US President Barack Obama's daughter Malia make her way to board Air Force One before departing from Andrews Air Force Base in Maryland on April 7, 2016. US President Barack Obama is headed to Chicago, Illinois for a discussion on the Supreme Court and the country's judicial system. 
US President Barack Obama's daughter Malia make her way to board Air Force One before departing from Andrews Air Force Base in Maryland on April 7, 2016. US President Barack Obama is headed to Chicago, Illinois for a discussion on the Supreme Court and the country's judicial system.  - 
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Malia Obama’s plans to take a “gap year” before starting at Harvard in the fall of 2017 has given a boost to a growing industry that caters to students who want to take a year off between high school and college. The news arrived just as the American Gap Association — yes, there is such a thing — kicked off its second-annual gap year conference in Boston.

“It was pretty interesting timing, actually,” said board member Karl Haigler. “There was quite a lot of encouragement.”

Though there are no official numbers, Haigler estimates each year between 30,000 and 40,000 students take time off from school. That’s a tiny fraction of college students, but he said the number has grown along with the intense pressure on kids to achieve.  

“A lot of students are expressing the need to take a break before they go on to four years of college, and really begin to get a better sense of who they are and what they want to do with their lives,” he said.

Dozens of programs have cropped up to help them through outdoor adventure, community service or international travel. The American Gap Association accredits around 15 programs, Haigler said, with about 20 more seeking accreditation.

One of those programs is Carpe Diem Education, which offers structured experiences in places like Latin America, Southeast Asia and Africa.

“Whether you’re backpacking to Machu Picchu, whether you’re doing some sort of volunteer work, you’re going to have mentors that are there to help facilitate that process of reflection,” said director Drew Edwards. “It’s not just, ‘Hey, I’m doing this cool thing, but what does this actually mean? How does this apply to me? And where is this going to fit into my life as a whole?’”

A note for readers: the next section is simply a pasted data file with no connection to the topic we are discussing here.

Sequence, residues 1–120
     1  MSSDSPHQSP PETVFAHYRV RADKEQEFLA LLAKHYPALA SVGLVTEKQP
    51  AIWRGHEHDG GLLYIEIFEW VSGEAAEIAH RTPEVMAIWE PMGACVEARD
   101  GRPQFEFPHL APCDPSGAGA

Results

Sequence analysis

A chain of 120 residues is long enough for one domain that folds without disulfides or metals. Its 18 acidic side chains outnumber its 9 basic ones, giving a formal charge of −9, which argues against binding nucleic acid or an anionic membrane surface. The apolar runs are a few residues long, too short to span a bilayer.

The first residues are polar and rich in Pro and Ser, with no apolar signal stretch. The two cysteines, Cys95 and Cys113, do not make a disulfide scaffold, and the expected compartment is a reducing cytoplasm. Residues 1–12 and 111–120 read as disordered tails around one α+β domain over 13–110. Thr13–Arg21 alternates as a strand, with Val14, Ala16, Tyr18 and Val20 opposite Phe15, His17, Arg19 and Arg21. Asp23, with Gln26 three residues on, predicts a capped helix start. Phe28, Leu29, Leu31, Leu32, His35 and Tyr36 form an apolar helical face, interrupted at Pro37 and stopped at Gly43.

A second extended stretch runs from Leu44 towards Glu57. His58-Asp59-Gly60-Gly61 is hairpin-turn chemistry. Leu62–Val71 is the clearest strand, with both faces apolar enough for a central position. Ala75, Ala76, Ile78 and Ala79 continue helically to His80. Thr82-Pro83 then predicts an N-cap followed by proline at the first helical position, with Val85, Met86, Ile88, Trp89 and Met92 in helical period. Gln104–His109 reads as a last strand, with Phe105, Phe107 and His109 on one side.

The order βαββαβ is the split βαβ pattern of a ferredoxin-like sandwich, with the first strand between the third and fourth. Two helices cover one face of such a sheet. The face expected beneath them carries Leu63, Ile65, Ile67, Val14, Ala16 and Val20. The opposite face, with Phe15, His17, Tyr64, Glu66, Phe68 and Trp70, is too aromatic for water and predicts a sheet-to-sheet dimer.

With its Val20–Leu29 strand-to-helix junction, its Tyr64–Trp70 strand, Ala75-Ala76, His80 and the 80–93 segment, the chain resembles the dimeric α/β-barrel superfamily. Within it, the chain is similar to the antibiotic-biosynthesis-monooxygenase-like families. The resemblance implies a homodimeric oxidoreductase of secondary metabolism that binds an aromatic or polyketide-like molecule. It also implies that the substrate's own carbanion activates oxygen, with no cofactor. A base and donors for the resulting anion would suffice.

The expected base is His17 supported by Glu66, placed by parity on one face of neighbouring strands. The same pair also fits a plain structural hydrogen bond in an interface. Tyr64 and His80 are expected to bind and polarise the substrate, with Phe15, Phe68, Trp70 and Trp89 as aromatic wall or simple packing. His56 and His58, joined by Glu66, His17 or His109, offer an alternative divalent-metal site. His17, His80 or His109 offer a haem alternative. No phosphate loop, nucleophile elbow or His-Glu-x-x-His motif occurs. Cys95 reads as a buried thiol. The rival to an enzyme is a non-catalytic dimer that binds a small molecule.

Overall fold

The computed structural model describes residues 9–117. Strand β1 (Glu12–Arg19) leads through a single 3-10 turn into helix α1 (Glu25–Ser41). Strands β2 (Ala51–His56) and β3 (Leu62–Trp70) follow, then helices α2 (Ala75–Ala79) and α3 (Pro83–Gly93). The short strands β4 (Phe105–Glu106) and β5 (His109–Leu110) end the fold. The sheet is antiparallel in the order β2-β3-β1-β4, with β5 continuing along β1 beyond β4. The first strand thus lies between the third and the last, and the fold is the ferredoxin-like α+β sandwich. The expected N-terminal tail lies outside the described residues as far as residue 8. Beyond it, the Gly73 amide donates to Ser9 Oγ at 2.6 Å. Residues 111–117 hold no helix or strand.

All that self-discovery doesn’t come cheap. An eight-month program runs about $19,000, though there are scholarships for low-income students.

“The very high-touch, hands-on, highly expensive model is, frankly, just out of reach for most students,” said Willy Oppenheim, founder of Omprakash EdGE, a nonprofit program that connects students with international volunteering and internship experiences.

Oppenheim started Omprakash during his own gap year in 2004, after struggling to find a way to teach internationally without going through an expensive, chaperoned program. The base tuition for his program is $750, plus travel and housing costs.

The University of North Carolina at Chapel Hill started a Global Gap Year Fellowship to make the gap year experience more accessible. Around 40 students a year, or about 1 percent of the entering class, take time off first, said admissions director Steve Farmer.

“Most of them haven’t involved a program,” he said. “They’ve just involved students doing something that they thought was worthwhile."

Those students typically do better when they do start school. A study at UNC and Middlebury College found that students who took gap years had higher GPAs than their high school performance would have predicted. 

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Follow Amy Scott at @amyreports